We live in an age of specialization…in almost all things. Instead of gunwriters, today we mostly have handgun writers, rifle writers, shotgun writers; few among us do it all. The gunwriters I grew up reading were more versatile. Elmer Keith was highly skilled with all three tools, and wrote about them almost equally. My old friend Colonel Charles Askins equally so: Multiple times national pistol champion, renowned live pigeon shooter, successful competitor in various rifle disciplines. Jack O’Connor is best remembered as a rifleman, but his work included the excellent The Shotgun Book. O’Connor did comparatively little handgun writing, but he did a lot of handgun shooting, including in competition.
That was a common thread for that generation: Most gunwriters competed in various disciplines. In part, this was a product of their time. Games like three-gun, combat pistol, cowboy action, sporting clays, didn’t exist. Competitive disciplines were set-piece and formal, but that shooting was available. Across most of the country, game numbers were down, but targets are always in season. So, the gunwriting greats of yesteryear did a lot of target shooting with rifles, handguns, and shotguns.
Some of my peers and colleagues pursue modern games, such as PRC, three-gun, and various handgun disciplines. A few make the annual pilgrimage to Camp Perry for the most traditional disciplines. Me, I haven’t actively competed for ages. When I was young, various shooting games were all-consuming. I grew up shooting American trap, some skeet, was good (never great). In college, I competed in smallbore, both rifle and pistol, and shot service rifle and pistol in the Marines. Again, I was good (never great), but I have trophies, medals, and badges won with rifles, handguns, and shotguns. Honestly, with all the great hunting opportunity we have today, I haven’t compete for years. I still practice (a lot), but all this gave me a pretty good all-around background.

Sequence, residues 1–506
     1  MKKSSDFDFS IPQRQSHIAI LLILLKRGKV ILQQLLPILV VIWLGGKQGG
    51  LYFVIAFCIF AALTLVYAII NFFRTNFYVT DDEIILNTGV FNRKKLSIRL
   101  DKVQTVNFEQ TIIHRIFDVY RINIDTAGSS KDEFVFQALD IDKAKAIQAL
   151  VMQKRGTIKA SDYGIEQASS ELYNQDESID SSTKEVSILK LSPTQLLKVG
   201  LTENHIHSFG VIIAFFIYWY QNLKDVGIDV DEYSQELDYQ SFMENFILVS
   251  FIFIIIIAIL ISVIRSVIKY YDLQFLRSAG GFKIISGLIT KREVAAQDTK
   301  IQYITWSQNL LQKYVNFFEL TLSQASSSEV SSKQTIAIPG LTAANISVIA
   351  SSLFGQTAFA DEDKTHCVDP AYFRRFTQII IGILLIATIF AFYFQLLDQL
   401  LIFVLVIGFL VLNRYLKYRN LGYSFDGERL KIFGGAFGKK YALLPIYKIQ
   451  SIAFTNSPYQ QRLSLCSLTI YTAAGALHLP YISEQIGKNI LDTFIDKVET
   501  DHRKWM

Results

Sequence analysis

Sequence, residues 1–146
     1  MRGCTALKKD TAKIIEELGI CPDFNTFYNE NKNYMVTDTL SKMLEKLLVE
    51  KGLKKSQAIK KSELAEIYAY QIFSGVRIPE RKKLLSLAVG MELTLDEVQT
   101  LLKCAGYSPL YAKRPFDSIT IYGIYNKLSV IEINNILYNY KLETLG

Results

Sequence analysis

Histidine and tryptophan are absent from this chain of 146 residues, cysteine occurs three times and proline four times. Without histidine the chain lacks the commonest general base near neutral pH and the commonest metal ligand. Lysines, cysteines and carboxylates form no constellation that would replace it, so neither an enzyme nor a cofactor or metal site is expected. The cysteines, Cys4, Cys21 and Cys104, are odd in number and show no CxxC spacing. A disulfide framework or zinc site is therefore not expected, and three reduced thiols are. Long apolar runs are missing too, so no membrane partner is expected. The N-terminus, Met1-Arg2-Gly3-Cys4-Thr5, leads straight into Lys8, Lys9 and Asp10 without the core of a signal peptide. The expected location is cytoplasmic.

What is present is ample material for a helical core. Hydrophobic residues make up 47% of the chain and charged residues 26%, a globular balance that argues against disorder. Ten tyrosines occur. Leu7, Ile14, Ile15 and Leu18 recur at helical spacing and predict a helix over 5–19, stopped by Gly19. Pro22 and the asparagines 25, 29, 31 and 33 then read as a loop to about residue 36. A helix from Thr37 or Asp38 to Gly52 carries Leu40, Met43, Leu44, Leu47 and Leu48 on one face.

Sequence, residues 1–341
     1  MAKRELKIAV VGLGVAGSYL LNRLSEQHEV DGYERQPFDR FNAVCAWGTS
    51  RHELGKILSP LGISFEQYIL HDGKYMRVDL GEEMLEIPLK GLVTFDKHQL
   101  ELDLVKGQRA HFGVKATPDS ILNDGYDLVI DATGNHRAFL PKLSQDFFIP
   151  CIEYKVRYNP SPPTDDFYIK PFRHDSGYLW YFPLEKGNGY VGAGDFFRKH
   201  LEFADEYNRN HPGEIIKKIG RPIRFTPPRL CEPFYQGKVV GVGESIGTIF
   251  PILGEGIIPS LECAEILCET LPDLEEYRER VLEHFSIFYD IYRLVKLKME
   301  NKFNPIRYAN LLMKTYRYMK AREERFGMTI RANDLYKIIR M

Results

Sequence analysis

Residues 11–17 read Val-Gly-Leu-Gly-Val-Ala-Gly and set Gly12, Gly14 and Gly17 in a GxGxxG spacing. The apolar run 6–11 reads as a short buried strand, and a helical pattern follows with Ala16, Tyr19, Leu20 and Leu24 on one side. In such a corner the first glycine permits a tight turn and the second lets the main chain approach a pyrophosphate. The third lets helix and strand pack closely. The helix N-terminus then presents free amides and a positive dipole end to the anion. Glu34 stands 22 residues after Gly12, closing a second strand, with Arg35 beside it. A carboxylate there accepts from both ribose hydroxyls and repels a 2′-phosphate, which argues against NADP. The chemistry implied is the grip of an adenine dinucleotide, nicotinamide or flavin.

I’ve been mostly pigeonholed as a rifle writer. Wasn’t always that way. I once did a lot of shotgun writing because that was what I knew best. Today, the publications I write for don’t use much shotgun content, so scattergun assignments are infrequent.
As a young writer, I also did a lot of handgun stuff. The magazines I started with used a lot of handgun content, and economics and experience were also factors. A story—handgun, rifle, or shotgun—requires only visits to an appropriate range and time taking photos. Hunting stories require time in the field. Doesn’t have to be costly. Hunting deer behind your house can produce material as valuable as any exotic hunt. However, it takes time to gain enough experience to write authoritatively and credibly about most hunting situations.
Regular practice is essential for consistent shooting performance. However, shooting is like riding a bicycle or driving a car; once you have basic skills, you don’t have to relearn from ground zero. All shooting is about eye-hand coordination and concentration. So, shooting is shooting, and all shooting has at least some value for all other shooting. However, there are some radical differences among our three basic firearms.
Today, I lay no claim to being as versatile as the long-gone greats. Handguns are my weakest suit. In large part, because I have the least interest in them. I shoot handguns enough to maintain personal defense skills, and at one time I did a fair amount of handgun hunting. However, I’m not as fascinated by pistols and revolvers as by the intricacies of rifles and shotguns. As a result, my skill sets are weaker than with long guns.
The competitive pistol shooting I did in my youth was formal one-hand shooting. “Bullseye” competition is still done, but the popularity of steel target games has changed handgunning styles. In the Marines they taught two-handed shooting, but preferred grip and stance have changed. I’ve done some catching up, but I’m a bit behind the times with handguns.
Handgun and rifle shooting in common rely heavily on the basics, especially breath control and trigger press. I still like the acronym from the Marines, the BRASS rule: Breathe, Relax, Aim, check Sight alignment, Squeeze. Shooting positions, distances, and capabilities vary hugely between rifles and handguns, but the basics are similar and transferable.